Brent Kroll, of DC’s Partisan and Iron Gate, on Southern Italians and Greeks - Wine & Spirits Magazine

Brent Kroll, of DC’s Partisan and Iron Gate, on Southern Italians and Greeks

Brent Kroll was devouring wine books before he was legal to drink. The Michigan native was working for the Matt Prentice Group when he met Madeline Triffon, MS, and began attending staff wine trainings. He took his first sommelier certificate exam the month after his 21st birthday, and took on the wine program at Casa Tua in Miami the next year. He’s now the wine director for DC’s Neighborhood Restaurant Group, managing 17 beverage programs, including Partisan and Iron Gate, two restaurants that W&S contributor Kayleigh Kulp called out as among the city’s best new places to drink as well as dine.
On Lambrusco Sommeliers like Lambrusco, but they don’t have the courage to put many on the list. I decided if we were going to do it, I was going to dedicate a whole page to it, highlighting the various styles and varieties, like the lighter ones from Sorbara to the bigger, richer ones from Grasparossa di Castelvetro. In the beginning, I stood in front of the butcher shop daily, pouring lambrusco for free. [The chef and I] had this image of people double-fisting mortadella and Lambrusco. The way the menu is set up also helps; it’s sort of like a sushi menu, where you check off what you want, so you see “Charcuterie and Lambrusco.” It sets the table for the choice. On Dönnhoff We have this whole pig’s head on the menu, and I always tell my staff, if people are going to have a go at this thing—it’s really rich and porky and fatty—they are not doing their job unless they are telling them they should be drinking riesling. The Dönnhoff, I think, is just a staff favorite. But the pig’s head is what sells riesling. On Michigan sparkling Before we opened, DC was flooded with mediocre prosecco on tap. I wanted a sparkling on tap, but it had to be anything but mediocre prosecco. This came across my radar—I’m from Michigan and this wine does well in Chicago—so I managed to get some out here. People are really curious about it, and they normally end up ordering multiple glasses, which is how it became one of our best-selling by-the-glass pours. On Greek wine At Iron Gate, the Greek wine list is my pride and joy. It’s the soul of the program. I’ve visited Greece twice, and I always asked the winemakers, why are you making chardonnay? They’d say because we have to; we’re broke; we’ll go out of business if we don’t. So I decided I wanted to have a wine program that focused solely on indigenous grapes—on the stuff they really care about. I have four wines by the glass by producers who are the only people making those varietals, and no pinot grigio or malbec—they would just suck away the attention these wines deserve. There are so many good wines coming out of Greece right now. Tetramythos Black of Kalavryta—if you’re looking for an elegant, unoaked, fruit-driven wine with some complexity, I can sell this to you instead of a pinot noir or gamay. There’s Fountis, an underrated producer in Naoussa. I’m able to get his wines with ten years of age on them, and they are terrific: really complex, traditionally styled xinomavro. In Santorini, Sigalas is probably the classic, and now we are offering the Hatzidakis, which is a little outside the box. I have a 2008 from him; these wines age so well. There’s also this stunning nebbiolo—the best I’ve ever tasted outside of Italy—from Wine Art Estates in Macedonia. It has elegance, complexity. Their malagousia is one of my favorites as well, dollar for dollar. Right now the list is about 60 percent Italian and 40 percent Greek. People are more comfortable in Italy. I think it’s just mental; they think of Italy and they might think of a bottle in a wicker basket, but they know it. When it comes to Greece, they see all those “ts”s and “x”s and they think, ughh, that’s too much to deal with. Southern uprising? It’s really easy to sell nerello mascalese: We had it on by the glass for two or three months; now we truck through it. People want pinot noir, and this is Sicily’s answer to it—though it’s really not; it’s way more tannic, and, while it can be red-fruit driven, it’s always going to have that sort of rubbery volcanic note. But people go for it. We do well with aglianico, gaglioppo, negroamaro, too. I try to focus the list just on Southern Italy; the chef has been with the company for five years and always wanted to a southern Italian/Greek restaurant, so I really want the wine list to support what he’s doing. The only thing I go outside of the south for is a wine for the chardonnay drinker; while there are chardonnays from the south, they generally aren’t what I want, so I go to Lazio, for Falesco’s Ferentano [a barrel-fermented 100% roscetto], and Champagne. We can do a sparkling moschofilero for a sparkling wine, but when it comes to a high-end bottling, I just can’t find the quality at the price even in places like Franciacorta that I can in Champagne. [He currently sells a Gimonnet-Gonet NV for $88.]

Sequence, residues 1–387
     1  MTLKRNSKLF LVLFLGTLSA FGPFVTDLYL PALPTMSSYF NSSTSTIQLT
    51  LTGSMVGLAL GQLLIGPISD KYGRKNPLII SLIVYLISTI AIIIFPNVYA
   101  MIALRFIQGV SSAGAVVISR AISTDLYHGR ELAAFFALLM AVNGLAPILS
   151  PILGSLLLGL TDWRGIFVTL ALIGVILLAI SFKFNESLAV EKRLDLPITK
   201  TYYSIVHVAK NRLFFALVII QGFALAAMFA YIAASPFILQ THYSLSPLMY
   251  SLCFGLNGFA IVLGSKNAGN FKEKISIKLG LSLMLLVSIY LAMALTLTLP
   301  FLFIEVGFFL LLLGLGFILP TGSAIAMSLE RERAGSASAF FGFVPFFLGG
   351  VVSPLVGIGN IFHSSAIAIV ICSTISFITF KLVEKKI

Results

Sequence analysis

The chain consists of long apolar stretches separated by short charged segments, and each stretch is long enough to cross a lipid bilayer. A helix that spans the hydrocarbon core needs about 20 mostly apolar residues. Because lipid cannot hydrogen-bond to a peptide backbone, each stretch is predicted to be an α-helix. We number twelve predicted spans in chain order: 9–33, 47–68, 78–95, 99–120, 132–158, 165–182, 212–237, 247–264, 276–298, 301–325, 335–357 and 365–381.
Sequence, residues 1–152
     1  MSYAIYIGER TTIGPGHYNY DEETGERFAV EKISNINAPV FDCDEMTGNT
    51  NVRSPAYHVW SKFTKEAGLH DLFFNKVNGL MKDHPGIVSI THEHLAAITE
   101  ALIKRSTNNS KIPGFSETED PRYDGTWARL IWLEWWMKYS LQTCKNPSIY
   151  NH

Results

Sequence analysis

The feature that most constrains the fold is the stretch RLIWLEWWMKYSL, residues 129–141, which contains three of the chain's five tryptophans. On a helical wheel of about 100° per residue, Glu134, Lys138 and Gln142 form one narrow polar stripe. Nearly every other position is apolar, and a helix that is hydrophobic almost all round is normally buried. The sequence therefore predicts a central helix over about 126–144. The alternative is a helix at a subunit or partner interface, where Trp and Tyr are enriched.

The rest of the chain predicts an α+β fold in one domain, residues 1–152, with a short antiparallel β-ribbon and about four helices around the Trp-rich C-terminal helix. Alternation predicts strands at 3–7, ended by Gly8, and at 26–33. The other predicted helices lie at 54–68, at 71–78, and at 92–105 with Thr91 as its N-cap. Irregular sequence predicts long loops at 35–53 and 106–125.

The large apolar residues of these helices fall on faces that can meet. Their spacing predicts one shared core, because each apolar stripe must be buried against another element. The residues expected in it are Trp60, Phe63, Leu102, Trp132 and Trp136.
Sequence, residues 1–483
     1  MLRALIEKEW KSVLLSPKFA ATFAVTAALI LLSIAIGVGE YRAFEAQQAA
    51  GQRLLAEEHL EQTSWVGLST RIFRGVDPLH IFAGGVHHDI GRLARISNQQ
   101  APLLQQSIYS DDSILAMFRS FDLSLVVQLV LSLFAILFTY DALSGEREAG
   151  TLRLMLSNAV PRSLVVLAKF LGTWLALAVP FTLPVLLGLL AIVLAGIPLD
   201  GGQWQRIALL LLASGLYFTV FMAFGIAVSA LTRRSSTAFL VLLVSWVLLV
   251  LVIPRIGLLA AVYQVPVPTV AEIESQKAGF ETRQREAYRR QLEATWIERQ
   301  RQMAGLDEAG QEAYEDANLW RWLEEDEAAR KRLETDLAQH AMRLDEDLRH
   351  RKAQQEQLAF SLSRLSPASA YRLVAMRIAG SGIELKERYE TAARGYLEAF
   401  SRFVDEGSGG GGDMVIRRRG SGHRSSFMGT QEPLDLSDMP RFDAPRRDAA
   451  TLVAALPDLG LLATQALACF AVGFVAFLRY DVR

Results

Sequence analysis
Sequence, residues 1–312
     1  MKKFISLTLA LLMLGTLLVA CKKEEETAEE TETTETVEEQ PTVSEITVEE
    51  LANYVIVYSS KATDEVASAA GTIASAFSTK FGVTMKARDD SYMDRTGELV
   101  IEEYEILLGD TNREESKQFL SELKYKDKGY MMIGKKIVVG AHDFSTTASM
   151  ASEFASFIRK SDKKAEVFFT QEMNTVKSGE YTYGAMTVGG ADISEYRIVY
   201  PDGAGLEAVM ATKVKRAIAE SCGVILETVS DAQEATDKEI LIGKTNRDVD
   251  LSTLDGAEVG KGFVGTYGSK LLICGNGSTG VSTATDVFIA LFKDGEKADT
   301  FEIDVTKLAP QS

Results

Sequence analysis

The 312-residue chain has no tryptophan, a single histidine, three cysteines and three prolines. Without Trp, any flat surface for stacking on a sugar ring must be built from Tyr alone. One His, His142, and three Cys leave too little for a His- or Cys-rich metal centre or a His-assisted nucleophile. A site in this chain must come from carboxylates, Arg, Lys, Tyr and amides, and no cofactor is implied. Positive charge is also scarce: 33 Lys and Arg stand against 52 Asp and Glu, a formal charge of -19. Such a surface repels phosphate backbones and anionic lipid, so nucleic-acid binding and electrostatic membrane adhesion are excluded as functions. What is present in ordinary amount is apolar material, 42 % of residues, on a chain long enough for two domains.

is W&S’s editor at large and covers the wines of the Mediterranean and Central and Eastern Europe for the magazine.

This story appears in the print issue of February 2024.
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